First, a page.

Stories of rape and abuse, and even the selling of women who end up in ISIS prisons are alarming. Those concerning Yazidis have been especially horrific, such as a recent account of a 14-year-old Yazidi girl who escaped being turned into a concubine for an ISIS commander. They represent a humanitarian crisis that demands attention. Unfortunately, such occurrences are common in wartime throughout the world, and certainly not limited to the brutality of Islamic militants. The chaotic and violent conditions of war provide the perfect opportunity for males to vent their fear of and hostility toward women (and sometimes other men). The perpetrators of sexual violence can be otherwise quite ordinary men — they need not be sword-wielding religious zealots. Rumors about what ISIS militants are doing to women are prone to exaggeration and tend to circulate with little evidence, such as a recent tale that captured women were being subjected to genital mutilation which spread like wildfire on the Internet. Several sources, including NPR’s Cairo bureau chief and Shiraz Maher, a senior fellow at King’s College London specializing in the Middle East, have concluded that the story is bogus. Yet such stories, even when we see them debunked, color our interpretation of the news. We may pay less attention than we should to the more mundane forms of misogyny, such as harassment and arrest, when lurid accounts dominate the headlines.
Gender issues connected to ISIS have also been reflected in reports of thousands of young Kurdish women who have taken up arms against ISIS militants and others in the Women’s Protection Unit, which has evolved from the Kurdish resistance movement. There is a frequently repeated story circulating (see a recent Wall Street Journal report) that ISIS militants are especially terrified of female fighters because of a belief that if they are killed by a woman they will not go to heaven. A female Kurdish fighter asserted this notion to the WSJ, but that interpretation has been disputed. Some experts point out that ISIS’ attitude toward women is multi-layered, noting that ISIS has its own female brigades, which are used to enforce its misogynistic worldview.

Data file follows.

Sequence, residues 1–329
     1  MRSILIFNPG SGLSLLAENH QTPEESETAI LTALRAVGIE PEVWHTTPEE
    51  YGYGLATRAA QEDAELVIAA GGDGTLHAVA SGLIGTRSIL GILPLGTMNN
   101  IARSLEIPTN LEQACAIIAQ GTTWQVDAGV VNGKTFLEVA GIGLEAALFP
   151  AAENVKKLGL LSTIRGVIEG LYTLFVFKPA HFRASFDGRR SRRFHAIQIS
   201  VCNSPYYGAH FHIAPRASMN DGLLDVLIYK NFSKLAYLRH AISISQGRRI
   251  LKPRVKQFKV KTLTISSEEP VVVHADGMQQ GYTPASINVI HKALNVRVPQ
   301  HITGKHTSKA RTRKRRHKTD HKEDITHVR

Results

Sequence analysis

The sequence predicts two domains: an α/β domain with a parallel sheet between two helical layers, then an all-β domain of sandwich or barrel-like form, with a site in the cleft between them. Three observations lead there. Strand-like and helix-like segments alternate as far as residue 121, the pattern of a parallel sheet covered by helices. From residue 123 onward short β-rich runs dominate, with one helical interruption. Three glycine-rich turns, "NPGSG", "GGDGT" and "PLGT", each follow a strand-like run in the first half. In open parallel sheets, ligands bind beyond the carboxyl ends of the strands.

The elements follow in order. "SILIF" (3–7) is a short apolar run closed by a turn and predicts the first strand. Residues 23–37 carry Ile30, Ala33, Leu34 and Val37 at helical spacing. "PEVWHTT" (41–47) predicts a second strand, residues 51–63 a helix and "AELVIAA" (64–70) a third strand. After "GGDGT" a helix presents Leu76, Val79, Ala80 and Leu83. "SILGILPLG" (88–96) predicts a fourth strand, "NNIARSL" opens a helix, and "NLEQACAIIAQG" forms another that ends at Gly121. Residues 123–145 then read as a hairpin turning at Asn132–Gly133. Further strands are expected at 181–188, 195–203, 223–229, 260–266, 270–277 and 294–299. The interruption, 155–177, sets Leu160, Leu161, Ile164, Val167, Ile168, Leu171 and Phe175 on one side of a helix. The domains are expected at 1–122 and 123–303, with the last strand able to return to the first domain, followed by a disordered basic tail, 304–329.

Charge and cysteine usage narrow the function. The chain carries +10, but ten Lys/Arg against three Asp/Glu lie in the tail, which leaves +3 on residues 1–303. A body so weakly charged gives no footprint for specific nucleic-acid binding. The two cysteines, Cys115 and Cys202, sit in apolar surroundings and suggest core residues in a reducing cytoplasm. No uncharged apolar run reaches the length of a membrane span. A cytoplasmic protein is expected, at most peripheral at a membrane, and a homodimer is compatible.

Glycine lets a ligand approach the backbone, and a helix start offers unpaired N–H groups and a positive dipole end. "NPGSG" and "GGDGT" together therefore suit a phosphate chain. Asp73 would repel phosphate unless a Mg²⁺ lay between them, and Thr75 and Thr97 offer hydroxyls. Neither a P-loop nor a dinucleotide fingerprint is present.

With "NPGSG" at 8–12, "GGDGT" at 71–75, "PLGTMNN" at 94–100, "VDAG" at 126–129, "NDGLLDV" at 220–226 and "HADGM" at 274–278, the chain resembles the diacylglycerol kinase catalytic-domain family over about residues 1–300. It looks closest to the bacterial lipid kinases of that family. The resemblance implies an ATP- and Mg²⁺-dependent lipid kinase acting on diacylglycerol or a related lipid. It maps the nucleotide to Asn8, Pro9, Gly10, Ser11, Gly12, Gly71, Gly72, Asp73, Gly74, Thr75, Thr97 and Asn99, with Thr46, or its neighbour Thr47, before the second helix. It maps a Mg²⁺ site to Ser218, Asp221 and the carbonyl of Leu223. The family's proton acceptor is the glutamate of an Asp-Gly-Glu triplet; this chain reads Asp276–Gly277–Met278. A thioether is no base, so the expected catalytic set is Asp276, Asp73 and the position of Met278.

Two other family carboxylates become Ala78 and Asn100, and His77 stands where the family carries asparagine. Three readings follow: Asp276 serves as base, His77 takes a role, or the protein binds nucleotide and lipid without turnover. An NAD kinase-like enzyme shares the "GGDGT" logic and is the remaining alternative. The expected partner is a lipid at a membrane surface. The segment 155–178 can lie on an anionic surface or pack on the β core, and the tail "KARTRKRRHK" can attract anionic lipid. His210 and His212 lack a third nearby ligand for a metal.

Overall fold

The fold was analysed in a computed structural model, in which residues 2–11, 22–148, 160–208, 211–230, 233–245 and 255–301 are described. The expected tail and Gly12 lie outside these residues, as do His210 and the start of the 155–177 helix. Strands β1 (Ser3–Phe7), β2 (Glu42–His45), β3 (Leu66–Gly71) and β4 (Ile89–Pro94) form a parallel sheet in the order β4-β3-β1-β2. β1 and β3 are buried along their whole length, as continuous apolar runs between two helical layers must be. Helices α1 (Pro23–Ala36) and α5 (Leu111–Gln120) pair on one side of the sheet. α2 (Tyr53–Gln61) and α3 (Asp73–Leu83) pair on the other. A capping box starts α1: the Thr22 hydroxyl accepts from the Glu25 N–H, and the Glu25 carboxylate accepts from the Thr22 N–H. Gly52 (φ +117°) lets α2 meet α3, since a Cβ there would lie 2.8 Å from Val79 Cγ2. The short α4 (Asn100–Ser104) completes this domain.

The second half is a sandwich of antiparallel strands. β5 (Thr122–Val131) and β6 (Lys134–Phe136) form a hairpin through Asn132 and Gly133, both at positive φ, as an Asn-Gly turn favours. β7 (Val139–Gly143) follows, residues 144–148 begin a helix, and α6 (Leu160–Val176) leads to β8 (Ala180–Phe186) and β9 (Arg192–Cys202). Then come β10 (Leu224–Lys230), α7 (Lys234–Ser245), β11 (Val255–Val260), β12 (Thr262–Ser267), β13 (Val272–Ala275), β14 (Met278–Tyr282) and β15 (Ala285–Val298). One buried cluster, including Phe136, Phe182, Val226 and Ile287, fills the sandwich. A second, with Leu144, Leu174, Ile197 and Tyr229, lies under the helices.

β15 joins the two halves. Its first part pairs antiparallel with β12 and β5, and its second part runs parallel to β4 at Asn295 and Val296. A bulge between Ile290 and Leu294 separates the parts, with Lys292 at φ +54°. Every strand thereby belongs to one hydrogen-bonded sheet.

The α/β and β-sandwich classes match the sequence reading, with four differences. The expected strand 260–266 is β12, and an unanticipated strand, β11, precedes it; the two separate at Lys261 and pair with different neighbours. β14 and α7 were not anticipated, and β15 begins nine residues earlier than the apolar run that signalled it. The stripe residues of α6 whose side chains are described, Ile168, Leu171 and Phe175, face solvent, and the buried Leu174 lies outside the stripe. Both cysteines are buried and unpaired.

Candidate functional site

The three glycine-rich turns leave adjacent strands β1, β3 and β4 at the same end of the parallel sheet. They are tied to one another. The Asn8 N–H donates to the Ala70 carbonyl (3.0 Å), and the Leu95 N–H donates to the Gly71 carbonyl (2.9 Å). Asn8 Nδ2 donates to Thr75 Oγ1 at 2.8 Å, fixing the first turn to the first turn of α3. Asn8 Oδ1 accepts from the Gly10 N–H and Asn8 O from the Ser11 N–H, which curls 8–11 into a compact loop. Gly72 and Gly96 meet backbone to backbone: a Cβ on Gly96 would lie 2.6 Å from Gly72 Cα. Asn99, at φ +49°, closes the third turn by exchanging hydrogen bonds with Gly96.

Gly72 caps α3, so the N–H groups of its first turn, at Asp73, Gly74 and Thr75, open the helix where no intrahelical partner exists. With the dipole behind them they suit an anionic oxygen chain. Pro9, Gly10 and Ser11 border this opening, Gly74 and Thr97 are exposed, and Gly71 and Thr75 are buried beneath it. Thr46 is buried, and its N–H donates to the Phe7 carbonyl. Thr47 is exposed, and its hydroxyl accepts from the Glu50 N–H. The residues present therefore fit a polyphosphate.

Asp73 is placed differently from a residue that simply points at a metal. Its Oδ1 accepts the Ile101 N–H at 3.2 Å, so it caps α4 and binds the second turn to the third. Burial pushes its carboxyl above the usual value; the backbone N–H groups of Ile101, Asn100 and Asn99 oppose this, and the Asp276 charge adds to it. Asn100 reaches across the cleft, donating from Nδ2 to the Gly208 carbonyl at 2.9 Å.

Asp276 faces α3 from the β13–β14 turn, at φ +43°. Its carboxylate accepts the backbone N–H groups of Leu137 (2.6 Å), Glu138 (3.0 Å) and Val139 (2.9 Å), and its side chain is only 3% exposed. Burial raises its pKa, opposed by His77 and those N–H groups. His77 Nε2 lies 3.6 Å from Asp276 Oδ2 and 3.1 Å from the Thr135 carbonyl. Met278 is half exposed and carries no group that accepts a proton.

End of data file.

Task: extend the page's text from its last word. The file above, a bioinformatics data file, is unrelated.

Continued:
A deeply engrained fear of women and female sexuality is present in many religions, Christianity being a notable case. As noted Egyptian feminist Nawal El-Saadawi has attested, “religions in general [are] devoid of justice and are oppressive to women and the poor.” Radical Islam has no corner on the market of misogyny, and just as some Christians are able to affirm the potential for equality between the sexes, so do many Muslims. As El-Saadawi puts it, “you can believe in Islam (or any other religion) and interpret it to mean equality and social justice.”
Muslims around the world overwhelming reject ISIS' view of their faith. Support for ISIS does not necessarily indicate an acceptance of its extremist positions, including misogyny, but is rather born out of political expediency.
Just as there are fundamentalist movements within Islam, there are also moderate and liberal movements. Most liberal Muslims believe that a woman can serve as head of state, and they do not believe women should be segregated from men in society. There is a growing movement among Muslims, especially among women, away from what they understand as patriarchal Muslim faith toward a more egalitarian Islam, and female scholars have focused on what they see as messages of gender equality embedded in the text of the Quran.
While ISIS’ actions toward women have been quite brutal in some cases, the movement’s relationship with women is more complicated and fluid than what is often depicted in western media accounts. To understand a fuller picture, westerners have to be alert to our own biases and mindful of how the motivation to demonize the other can obscure nuances and ignore messy realities.